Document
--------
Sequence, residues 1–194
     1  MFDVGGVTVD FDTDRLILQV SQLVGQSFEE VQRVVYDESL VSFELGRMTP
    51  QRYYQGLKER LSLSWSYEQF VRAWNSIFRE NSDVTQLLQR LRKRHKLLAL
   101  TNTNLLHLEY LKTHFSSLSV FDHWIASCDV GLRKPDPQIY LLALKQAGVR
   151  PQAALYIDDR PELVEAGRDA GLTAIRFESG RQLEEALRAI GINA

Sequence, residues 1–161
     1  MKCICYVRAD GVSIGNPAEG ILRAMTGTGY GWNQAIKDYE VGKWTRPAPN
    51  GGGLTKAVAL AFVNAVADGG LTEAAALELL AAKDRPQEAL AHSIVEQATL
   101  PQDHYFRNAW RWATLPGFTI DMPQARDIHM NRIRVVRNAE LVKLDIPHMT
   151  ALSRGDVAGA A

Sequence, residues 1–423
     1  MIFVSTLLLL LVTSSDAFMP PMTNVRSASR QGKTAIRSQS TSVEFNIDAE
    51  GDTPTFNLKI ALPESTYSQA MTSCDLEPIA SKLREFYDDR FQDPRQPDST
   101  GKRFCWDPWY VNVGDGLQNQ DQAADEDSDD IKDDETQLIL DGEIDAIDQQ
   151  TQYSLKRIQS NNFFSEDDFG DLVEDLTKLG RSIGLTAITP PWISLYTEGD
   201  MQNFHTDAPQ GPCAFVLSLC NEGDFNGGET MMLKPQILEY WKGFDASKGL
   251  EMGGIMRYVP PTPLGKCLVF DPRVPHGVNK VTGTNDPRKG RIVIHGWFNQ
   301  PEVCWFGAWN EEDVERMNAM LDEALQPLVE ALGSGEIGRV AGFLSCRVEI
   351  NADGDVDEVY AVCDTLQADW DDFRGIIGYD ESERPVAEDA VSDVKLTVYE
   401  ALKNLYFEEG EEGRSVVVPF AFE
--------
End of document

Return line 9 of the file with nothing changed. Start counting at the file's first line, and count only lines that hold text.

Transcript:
   101  PQDHYFRNAW RWATLPGFTI DMPQARDIHM NRIRVVRNAE LVKLDIPHMT